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Teen Court College Essay
My palms were sweaty; I was clutching my case sheets hard as if they
were going to keep my wobbly knees from buckling. In a few minutes, I was
about to present my first case as a defense attorney at our local teen court,
which is a community intervention program for providing an alternate justice
system for first-time juvenile crimes. Glancing at my young client did not
make me feel any better. The smell of weed emanated from him. He was
dressed far too casually for a defendant he was wearing sweatpants and a
hoodie, and clearly inebriated. At only 14 years old, he towered over me, but
thin and shriveled with sunken eyes. He clearly did not remember our phone
conversation earlier about the court dress etiquettes. His parent, or legal
guardian I presume, was no better her hair was a mess, and her clothes
mimicked that of the retro hippie.
I realized I covertly wished to be on the prosecution side of things;
nevertheless, I certainly did risk my first case by willingly choosing to
represent him, to defend his misconduct and appropriate a lighter sanction
for him than the prosecution. Going through teen court, the defendant must

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admit guilt. I glanced at the witless teenager, who had just had a thrill ride
through puberty, with a twinge of remorse. He was just a miscreant, not a
criminal, I wanted to help him, but he was a tough case!
My opening remarks were solid, and I thought I was going to win the
case with my cohesive closing argument until, the respondent rose to
provide his testimony. His incoherent grunts were not appealing, and the jury
ended up imposing an even harsher sentence than the one that both the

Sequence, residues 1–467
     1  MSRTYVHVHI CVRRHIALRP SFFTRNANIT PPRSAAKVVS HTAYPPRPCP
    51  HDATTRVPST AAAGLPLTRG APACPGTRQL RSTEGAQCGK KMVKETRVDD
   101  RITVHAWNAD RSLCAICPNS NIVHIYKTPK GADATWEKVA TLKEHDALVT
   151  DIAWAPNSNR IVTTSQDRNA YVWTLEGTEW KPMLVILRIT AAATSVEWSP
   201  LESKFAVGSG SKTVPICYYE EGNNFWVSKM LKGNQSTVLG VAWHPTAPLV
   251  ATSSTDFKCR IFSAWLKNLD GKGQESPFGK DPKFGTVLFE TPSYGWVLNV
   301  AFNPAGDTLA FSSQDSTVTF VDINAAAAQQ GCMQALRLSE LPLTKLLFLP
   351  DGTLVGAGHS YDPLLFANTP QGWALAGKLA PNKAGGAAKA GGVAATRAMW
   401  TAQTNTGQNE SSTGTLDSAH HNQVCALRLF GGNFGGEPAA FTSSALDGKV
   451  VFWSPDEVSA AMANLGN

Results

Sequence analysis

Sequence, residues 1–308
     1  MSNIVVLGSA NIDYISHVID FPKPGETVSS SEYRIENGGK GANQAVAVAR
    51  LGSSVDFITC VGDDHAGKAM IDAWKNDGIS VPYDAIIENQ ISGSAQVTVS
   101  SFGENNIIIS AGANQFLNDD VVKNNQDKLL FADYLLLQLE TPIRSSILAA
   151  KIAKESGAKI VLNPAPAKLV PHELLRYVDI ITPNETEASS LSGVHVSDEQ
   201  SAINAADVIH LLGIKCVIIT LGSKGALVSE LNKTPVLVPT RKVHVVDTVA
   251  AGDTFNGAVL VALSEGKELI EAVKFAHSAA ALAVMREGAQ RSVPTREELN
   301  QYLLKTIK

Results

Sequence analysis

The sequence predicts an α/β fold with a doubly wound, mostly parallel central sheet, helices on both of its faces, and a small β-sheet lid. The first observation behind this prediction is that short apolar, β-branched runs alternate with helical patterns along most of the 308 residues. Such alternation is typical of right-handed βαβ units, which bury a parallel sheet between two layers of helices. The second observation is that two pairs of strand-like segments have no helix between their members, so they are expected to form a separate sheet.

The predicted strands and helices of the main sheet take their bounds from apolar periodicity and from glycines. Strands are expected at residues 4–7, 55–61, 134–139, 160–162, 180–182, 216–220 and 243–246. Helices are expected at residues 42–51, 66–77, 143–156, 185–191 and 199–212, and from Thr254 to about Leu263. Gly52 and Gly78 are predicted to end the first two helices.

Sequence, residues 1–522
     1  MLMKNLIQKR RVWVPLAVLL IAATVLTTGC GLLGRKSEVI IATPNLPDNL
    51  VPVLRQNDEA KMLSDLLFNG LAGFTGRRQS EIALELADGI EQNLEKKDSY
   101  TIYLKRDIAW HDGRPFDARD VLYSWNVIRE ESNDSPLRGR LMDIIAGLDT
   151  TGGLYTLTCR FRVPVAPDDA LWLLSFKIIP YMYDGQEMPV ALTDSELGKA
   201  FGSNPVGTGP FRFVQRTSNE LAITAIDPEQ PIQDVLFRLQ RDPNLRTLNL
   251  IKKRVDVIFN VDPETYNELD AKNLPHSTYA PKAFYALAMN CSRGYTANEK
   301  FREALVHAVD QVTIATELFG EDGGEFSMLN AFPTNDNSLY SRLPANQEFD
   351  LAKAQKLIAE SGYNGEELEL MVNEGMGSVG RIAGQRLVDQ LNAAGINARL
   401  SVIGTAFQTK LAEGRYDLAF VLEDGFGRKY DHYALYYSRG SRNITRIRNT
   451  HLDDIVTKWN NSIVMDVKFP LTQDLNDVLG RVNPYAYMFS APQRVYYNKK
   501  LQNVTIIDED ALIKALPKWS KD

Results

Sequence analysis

prosecution and I have recommended. I had lost my first case in court.
It occurred to me that people who lead an awry life generally cannot
glean the goal of life, and without this, they glide away into hellish descent
leading to such results. The following week, knowing that he had over sixty
hours of service to complete in three months, for the case would go on his
permanent record, I decided to reach out to him. A callous voice answered,
his mother I presumed. Could I please speak with Mr? I inquired. There
was some grunting and some cacophony before he answered. Have you had
any luck finding somewhere to volunteer? I asked. No. he responded
sounding more coherent than the last two times I had encountered him. Fruit
of distress I suppose. Do you need any help? I have a few placesSure.
he intercepted without further deliberation, as though he was waiting for this
call.
He shadowed me in the TEDx meetings I was holding weekly, and
volunteered with me in places that I thought would most benefit him.

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Discovering that yoga was just as potent as drugs, apprehending the gifts of
youth by serving the elderly, socializing with highly motivated people, or just
being in a positive environment served him well.
I spent some time giving him tuition on the subjects he needed help in,
encouraged him to eat healthy, and exercise. He cannot change his family,
but he has changed his life where he can. I see the world with a different set
of eyes now, he told me the day he got a B in his math class for the first
time. Those sunken eyes have brightened, shriveled shoulders have
straightened, his life has turned for the better, and I had finally won my case!
I had worked on several cases since then, had tried to make a positive
influence where I can, but this first case constantly reminds me that in the
race of life, hurdles are inevitable, but hitting hurdles does not necessarily
mean that you lose the race. It just means that you have to try harder and
run faster.